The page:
1. About two years ago I watched a video of a people in the capital of a certain country in the region having a great time by the swimming pool while huge areas of the country were engulfed in war. That conflict continues today and images of war are circulated widely in the media all around the world.
2. Susan Sontag believes that being constantly subjected to images that disturb our conscience make the images lose their impact and turn human integrity into indifference.
3. “Still life” is a style of painting in which the effects of historical, political and social events are less likely to be found.
Construction and Destruction in the Large Frame
1. In the Ghent Museum of Art there is a still life painting by Willem Claesz Heda in the foreground of which we see messy art work tables with half-eaten cakes, peeled lemons and collapsed wine glasses. In the background, there is a palace which stands firm and solid bearing absolutely no sign of damage. This 17th-century still life is in total contrast to Reza Baharvand’s latest body of works.
Unlike the Dutch still life, objects offered to the viewer in Baharvand’s foregrounds are associated with the luxurious life style. They are not only intact and completely safe from damage, they have been gilded for a brighter and more eye-catching appearance, similar to objects spotlighted in store windows. In contrast to this artificial and showcased space, we are faced with ruins in the background: War-stricken urban areas which have been constructed with great care and obsession only to be mercilessly destroyed by their maker.
In the Dutch still life, in order to show the ephemeral nature of life, objects such as skulls, half-finished wine glasses and sand clocks are portrayed in the foreground making the viewer sense his own immediacy to life’s transit nature. In Baharvand’s works, proximity to ruin has given way to distance from it. The ruin is in the background where it casts its spell on the objects before it. With this change in the arrangement of things the painter has defamiliarized the well-known order found in still life paintings.
2. Man is generally absent in still life and when not totally absent, he has an indirect presence. In Baharvan’s work the objects in the foreground convey man’s sense of relief from the ruin in the background. Man is absent too however his indirect presence is traceable through the ruins in the distance and the gild work in the front.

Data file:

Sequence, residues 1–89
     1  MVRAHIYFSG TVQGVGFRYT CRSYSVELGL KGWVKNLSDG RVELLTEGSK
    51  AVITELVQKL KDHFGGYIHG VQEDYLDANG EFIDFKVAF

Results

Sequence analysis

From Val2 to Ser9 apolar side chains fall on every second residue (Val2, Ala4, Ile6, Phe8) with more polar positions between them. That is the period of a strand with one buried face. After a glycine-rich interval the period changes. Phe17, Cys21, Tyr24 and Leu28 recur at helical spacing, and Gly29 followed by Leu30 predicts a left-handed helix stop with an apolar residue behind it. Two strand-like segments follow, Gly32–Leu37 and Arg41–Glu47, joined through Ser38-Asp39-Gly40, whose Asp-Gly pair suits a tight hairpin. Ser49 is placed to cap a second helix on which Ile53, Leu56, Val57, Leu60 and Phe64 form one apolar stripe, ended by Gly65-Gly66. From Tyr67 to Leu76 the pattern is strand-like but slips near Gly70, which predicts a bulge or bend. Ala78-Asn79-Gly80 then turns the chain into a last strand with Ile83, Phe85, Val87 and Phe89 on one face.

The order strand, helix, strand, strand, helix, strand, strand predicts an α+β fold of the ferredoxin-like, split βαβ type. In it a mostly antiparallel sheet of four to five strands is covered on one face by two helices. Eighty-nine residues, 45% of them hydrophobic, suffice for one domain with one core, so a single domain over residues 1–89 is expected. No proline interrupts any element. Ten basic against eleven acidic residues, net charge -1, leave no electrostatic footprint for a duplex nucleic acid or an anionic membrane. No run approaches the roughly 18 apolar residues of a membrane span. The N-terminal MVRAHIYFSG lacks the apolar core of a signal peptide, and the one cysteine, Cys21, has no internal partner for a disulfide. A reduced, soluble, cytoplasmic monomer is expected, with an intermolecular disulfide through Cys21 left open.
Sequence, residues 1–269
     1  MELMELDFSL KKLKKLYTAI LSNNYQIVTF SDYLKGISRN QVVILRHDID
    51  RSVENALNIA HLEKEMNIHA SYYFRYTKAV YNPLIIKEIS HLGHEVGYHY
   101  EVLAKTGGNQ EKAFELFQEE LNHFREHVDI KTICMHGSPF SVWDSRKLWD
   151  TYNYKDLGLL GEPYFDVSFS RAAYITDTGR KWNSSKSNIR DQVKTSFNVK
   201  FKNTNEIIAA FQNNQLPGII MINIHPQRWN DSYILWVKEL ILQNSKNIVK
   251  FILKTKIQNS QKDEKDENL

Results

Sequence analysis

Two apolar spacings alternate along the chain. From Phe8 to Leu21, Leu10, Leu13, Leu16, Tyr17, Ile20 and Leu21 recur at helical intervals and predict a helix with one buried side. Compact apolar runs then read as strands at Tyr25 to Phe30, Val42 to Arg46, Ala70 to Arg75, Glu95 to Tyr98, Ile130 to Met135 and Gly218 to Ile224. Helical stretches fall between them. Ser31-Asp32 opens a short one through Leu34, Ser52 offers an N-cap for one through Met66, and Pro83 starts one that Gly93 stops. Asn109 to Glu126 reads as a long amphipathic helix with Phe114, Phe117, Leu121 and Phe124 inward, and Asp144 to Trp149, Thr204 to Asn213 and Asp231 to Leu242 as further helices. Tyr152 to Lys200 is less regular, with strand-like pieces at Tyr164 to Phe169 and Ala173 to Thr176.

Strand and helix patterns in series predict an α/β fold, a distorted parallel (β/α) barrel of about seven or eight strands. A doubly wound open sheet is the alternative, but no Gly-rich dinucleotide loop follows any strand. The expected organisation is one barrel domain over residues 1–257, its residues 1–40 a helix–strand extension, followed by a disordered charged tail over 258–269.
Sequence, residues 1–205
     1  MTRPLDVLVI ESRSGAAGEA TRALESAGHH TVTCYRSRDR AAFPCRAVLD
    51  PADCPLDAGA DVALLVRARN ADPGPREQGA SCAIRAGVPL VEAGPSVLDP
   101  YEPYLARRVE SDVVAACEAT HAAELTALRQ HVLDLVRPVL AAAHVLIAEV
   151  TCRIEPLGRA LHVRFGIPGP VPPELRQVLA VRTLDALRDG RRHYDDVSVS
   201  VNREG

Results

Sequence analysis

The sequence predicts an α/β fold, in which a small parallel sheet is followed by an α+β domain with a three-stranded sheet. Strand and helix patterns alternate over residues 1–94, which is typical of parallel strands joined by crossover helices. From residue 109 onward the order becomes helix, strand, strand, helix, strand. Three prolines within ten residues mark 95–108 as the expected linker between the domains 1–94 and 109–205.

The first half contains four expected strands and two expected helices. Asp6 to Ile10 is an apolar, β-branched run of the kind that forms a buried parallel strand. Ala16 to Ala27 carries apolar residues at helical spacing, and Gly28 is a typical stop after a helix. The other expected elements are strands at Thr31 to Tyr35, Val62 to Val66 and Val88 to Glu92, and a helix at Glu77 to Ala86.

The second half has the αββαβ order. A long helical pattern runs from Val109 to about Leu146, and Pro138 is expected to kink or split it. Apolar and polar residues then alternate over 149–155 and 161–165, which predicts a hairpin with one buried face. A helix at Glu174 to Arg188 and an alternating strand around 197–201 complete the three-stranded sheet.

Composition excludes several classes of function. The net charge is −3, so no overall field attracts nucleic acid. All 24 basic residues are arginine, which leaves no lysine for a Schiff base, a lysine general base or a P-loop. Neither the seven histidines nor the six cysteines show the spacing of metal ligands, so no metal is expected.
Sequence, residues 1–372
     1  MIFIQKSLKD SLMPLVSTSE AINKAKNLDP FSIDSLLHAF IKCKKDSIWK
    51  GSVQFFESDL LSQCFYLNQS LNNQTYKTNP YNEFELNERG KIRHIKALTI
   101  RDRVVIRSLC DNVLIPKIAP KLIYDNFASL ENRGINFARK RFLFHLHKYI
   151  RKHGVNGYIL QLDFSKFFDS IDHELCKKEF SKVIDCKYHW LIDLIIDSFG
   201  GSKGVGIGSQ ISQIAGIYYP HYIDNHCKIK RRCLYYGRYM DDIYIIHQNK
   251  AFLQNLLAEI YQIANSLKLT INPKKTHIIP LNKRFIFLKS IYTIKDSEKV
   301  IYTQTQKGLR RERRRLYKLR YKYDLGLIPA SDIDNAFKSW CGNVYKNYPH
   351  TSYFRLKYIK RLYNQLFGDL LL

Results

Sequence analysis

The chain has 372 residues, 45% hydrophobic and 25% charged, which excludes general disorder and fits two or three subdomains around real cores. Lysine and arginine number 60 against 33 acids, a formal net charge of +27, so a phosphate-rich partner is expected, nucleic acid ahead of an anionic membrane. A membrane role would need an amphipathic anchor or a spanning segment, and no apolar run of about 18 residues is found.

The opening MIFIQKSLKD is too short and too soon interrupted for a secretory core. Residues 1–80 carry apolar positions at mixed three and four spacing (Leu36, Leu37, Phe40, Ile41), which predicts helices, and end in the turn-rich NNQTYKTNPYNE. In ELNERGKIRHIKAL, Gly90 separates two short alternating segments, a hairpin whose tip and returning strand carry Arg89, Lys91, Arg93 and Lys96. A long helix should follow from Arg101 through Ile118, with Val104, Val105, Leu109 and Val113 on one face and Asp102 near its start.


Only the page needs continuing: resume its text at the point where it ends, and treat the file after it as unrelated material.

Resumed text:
3. Still life is a setting of everyday objects within a small frame. Baharvand’s works is totally devoid of such arrangement of everyday objects. In each painting, a single object represents a luxurious life style, with its glitz and glamour reinforced by the glittering material applied by the painter. Moreover, in this series, huge canvasses replace the traditionally small still life canvas. The viewer faces a large object that attempts to mask the ruins in the background. Nevertheless, the ruin is not masked but rather accentuated.
“Destruction” is the central theme of Baharvand’s present body of works. He constructs and destroys, and to further highlight the “destruction” he puts an object before the viewer and displays creation and destruction next to each other.
Splendor of the Ruins
The idea of ruin and destruction being splendid and breathtaking in a positive sense troubles the subjective basis of ethics and the very foundation of human values. It is with this idea in mind that the paintings of Reza Baharvand call to mind Jacques Derrida’s Deconstruction. In this Weltanschauung, destruction is simultaneous with reconstruction and rebuilding. In other words, what appears as a pictorial emergence in a work of art, or the platform for a comely subject, is the result of a splendid destruction which is difficult to distinguish from the reconstruction of the piece, or to identify the primacy of either one. Behind all the pieces of the collection, Baharvand has pictured ruined urban spaces that looked different not long ago. The background is accurately and realistically created and then, deliberately corrupted and disintegrated. In other words, he adds ruin upon ruin. But what comes into our view in the anterior or the foreground of his work, according to poststructuralist philosophers, is “the removal of the veil”, i.e. the removal of veil from a bitter truth from the war and from the world that has deeply affected the artist pushing him to create this works. Adorned lit chandeliers, scattered balls, shiny shoes and sumptuous thrones drained of the meaning of rest and leisure are the consequence of this removal of the veil which the artist has envisioned. In fact, in all the pieces, pondering the critical contrast witnessed between the background and the foreground, both in form and theme, draws us closer to Reza Baharvand’s worldview as created in this collection.